Document assembly software 31 residing on the computer 14 interprets the input data and the control codes that are fed into the computer 14 to produce structured electronic documents 32. Each of these electronic documents typically is identified by a locally unique file name 33 which may be assigned to the electronic document 32 by the user, as shown, or by the computer 14 under program control. Typically, the document assembly software 31 is application specific, but the lines between different applications are becoming blurred with the emergence of integrated multi-function software, such a the Xerox Viewpoint environment. For example, in the case of text entered via the keyboard 21, the ASCII encodings 35 of the typographic characters are combined in the document assembly software 31 with control codes to provide DDL encodings for insertion into a structured text file (or, in the case of an electronic document which permits mixed data types, into a text frame) 32. A significant portion of the logical structure of the electronic document 32 usually is explicitly defined by its composition, without requiring any additional intervention by the user. However, provision normally is made for enabling the user to enter document formatting commands, as at 36 and 37, to override the default values which the document assembly software 31 otherwise would employ for defining the layout structure of the document 32.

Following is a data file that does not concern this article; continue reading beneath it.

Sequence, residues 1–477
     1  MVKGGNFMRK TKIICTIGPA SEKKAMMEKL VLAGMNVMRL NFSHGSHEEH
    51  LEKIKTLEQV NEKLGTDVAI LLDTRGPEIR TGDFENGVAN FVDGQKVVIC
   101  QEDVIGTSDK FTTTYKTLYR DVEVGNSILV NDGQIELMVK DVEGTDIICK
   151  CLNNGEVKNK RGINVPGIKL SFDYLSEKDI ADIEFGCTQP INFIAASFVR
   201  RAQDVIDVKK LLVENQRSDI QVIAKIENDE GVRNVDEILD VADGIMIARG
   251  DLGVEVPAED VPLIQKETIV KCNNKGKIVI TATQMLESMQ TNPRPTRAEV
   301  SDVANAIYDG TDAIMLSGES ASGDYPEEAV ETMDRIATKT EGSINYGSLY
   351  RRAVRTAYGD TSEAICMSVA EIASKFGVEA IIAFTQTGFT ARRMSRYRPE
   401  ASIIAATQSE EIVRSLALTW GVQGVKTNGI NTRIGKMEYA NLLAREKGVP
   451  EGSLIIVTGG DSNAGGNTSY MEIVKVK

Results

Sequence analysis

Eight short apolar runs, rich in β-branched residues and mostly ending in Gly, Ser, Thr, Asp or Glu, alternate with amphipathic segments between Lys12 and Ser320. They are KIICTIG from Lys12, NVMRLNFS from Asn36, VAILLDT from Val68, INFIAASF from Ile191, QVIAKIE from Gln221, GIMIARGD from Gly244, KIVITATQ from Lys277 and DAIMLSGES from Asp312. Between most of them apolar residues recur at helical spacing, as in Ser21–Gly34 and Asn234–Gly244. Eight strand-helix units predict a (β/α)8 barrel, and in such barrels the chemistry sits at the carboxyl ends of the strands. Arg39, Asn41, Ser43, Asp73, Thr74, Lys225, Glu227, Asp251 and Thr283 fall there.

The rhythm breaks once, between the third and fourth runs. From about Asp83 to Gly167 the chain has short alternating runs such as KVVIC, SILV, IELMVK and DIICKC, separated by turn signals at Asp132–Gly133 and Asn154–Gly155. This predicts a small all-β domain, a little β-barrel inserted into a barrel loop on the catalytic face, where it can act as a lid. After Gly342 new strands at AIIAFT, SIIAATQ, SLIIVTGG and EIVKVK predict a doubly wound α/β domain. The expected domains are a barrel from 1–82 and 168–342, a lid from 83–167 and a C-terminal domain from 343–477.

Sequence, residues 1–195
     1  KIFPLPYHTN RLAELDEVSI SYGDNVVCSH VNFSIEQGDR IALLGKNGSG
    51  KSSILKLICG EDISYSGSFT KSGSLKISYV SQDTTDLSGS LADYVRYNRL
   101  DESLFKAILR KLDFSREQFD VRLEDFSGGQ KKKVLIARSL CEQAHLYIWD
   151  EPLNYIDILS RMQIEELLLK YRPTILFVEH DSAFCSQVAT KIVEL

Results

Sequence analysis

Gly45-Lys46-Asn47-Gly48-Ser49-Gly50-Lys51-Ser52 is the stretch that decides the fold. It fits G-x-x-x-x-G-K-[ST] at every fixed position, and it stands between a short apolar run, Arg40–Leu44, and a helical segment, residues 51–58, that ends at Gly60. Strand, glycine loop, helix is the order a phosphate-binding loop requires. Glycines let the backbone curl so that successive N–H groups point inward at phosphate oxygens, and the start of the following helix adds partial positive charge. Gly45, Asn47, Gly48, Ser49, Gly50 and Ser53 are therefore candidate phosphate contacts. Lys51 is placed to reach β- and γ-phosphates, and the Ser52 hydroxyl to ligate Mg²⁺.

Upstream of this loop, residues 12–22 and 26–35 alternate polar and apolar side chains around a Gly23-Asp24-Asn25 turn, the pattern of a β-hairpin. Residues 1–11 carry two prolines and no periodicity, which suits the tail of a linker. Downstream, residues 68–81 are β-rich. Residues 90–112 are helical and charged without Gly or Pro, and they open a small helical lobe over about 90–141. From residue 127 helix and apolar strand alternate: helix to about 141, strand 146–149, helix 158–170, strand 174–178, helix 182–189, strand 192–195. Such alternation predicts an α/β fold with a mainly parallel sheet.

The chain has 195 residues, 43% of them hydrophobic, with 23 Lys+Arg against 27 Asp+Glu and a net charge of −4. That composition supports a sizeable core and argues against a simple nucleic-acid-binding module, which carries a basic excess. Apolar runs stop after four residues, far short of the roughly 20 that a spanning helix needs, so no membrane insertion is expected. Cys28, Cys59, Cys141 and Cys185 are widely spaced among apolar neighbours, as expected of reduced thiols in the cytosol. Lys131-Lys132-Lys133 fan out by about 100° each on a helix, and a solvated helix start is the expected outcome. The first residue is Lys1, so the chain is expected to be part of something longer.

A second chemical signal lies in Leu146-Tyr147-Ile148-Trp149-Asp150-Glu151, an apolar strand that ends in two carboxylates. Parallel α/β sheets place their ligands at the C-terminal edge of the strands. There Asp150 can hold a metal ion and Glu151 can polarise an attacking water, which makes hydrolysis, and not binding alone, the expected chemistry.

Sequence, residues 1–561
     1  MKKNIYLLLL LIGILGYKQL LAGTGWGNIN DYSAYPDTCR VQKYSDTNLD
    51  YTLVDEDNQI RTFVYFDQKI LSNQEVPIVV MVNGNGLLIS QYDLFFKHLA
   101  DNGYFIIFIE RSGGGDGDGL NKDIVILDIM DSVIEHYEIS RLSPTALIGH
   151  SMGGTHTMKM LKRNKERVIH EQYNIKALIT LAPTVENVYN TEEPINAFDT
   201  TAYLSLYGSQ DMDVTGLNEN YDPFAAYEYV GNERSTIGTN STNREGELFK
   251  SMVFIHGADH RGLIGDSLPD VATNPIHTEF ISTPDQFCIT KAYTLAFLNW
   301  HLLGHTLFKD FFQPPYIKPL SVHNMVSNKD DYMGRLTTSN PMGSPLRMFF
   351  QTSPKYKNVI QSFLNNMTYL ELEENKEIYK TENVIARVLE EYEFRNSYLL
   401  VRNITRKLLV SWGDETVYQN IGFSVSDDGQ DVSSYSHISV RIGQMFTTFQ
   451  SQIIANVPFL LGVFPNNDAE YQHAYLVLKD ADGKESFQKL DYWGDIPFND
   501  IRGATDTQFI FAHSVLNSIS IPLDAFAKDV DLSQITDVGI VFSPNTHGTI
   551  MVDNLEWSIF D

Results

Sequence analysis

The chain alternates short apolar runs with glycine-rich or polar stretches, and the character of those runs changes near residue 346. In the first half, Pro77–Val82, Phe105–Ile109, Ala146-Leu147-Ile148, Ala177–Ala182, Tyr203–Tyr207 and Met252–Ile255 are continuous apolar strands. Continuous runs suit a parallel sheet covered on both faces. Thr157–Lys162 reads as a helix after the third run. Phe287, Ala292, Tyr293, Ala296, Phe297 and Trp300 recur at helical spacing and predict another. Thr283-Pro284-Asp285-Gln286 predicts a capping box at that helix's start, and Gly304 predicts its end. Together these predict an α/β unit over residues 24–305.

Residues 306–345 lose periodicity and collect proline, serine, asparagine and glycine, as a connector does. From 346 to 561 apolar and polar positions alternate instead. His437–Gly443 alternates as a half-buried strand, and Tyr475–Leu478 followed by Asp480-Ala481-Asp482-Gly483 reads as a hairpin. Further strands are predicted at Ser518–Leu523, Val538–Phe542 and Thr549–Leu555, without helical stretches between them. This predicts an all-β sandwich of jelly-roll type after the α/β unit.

As is known, structured electronic documents, such as the document 32, can be interchanged between DDL compatible electronic document processing systems, as at 41, through the use of removable digital recording media, such as floppy disks and the like, and through the use of digital data links. Furthermore, networked document processing systems typically are able to interchange electronic documents, either directly by means of a direct file transfer protocol or electronic mail as at 42, or indirectly by means of shared electronic file servers 43.